The artist at work

Tucked away in the hills above Lake Geneva is a museum called the Fondation Martin Bodmer. When visiting Geneva early this year, my husband off-handedly suggested I plan a few things, and this museum was the first on my list. When M offhandedly suggests something, I receive it as just that—a suggestion. Nothing else went on the list, which became a source of marital strain when we found ourselves wandering aimlessly with no plans for dinner, transportation, or entertainment. Thank goodness I didn’t take charge of accommodation. My “plans” tend to be rather fluid, or in M’s words “non-existent”.

It was a tense few days. We spent a lot of time on our feet with three hungry children and a vague idea of where we were going. We might need family counseling to recover. We also needed a bench and few bottles of water after the thirty minute hike up-hill to the museum. You can imagine the children’s delight to learn not only was water unavailable, but the Fondation is a literary museum, housing original manuscripts spanning centuries. In other words, old books in funny languages. I don’t think I’m winning a mother of the year award anytime soon.

 The museum houses a collection of ancient texts, original manuscripts, musical scores, and first editions by authors such as Shakespeare, Hemingway, and Melville.  I teared up when I came across a piece of sheet music written in Mozart’s own hand.  Something about seeing smudged ink on paper humanized his act of creation—humanized his art—an art which often feels a bit out of my realm of understanding. It felt more real to me in the seeing than it ever has in the listening. I felt the same way when I came across a handwritten rough draft by Antoine de Saint Exupéry. The manuscript showed where he revised a thought here and removed a line there, how he shaped and molded it across the page. I’ve always wanted to climb into the mind of the artist, to see how they enflesh their vision, and this was probably as close as I’ll ever get. I can’t read music, or French for that matter, but I can read heart and soul and so many of the handwritten works contained that element for me.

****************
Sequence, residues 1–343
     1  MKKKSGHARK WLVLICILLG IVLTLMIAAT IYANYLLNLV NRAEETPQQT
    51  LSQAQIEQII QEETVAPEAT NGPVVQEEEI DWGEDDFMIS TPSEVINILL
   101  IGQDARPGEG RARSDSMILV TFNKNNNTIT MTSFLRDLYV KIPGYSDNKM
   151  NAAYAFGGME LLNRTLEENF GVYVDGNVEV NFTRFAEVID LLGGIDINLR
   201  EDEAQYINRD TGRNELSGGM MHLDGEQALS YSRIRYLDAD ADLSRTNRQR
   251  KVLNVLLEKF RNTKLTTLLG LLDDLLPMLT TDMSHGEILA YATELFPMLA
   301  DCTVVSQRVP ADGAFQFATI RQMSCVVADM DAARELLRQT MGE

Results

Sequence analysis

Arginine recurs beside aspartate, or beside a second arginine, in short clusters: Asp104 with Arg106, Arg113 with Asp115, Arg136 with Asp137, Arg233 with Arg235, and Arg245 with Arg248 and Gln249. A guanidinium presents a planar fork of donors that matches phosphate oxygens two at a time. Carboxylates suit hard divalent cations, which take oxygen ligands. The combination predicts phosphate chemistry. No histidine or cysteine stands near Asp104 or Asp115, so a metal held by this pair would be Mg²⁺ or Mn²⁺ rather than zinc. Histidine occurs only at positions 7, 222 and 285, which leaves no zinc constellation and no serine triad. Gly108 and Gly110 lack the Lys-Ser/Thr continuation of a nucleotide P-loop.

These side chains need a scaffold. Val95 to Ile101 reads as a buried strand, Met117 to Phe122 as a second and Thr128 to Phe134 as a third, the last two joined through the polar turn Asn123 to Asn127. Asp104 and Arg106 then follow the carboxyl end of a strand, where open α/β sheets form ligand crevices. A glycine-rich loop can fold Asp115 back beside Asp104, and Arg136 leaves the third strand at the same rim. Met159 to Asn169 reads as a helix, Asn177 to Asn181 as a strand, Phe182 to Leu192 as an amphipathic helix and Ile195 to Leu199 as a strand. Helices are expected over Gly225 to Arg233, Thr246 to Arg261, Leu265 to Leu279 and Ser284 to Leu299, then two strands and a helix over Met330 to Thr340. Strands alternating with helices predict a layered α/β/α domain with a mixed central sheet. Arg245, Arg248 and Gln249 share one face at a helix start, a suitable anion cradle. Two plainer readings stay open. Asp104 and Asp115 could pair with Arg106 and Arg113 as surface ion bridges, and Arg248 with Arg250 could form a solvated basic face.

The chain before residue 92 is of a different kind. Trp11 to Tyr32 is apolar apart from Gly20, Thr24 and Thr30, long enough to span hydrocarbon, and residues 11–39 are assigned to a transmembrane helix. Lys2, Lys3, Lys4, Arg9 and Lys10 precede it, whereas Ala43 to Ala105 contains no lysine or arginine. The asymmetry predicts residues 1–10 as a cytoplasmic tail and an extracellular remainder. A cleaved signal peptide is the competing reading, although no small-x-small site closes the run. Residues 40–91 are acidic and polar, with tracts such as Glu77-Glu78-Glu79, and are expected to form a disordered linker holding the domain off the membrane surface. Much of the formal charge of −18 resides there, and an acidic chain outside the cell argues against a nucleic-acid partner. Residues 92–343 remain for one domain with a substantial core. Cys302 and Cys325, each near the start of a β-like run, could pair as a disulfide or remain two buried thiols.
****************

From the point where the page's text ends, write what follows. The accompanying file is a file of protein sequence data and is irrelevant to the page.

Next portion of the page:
Sometimes I find it hard to remember real, live people lived behind the art, especially when the art is older than the town I live in. Hands once held the pen that wrote the words, eyes once captured the scene before it appeared on a canvas, souls once heard the bend and bow of the music before it ever reached my ears. It puts skin on the art when we remember; it lived in an artist first. I don’t understand the genius behind it, but it fascinates me. Intimidates and fascinates. And I wonder how much is the result of talent, and how much the result of trying, and how much is a result of fine-tuning their hearing enough to make out the echoes of our Creator’s voice. Because I think true art is an echo of things past and things to come.

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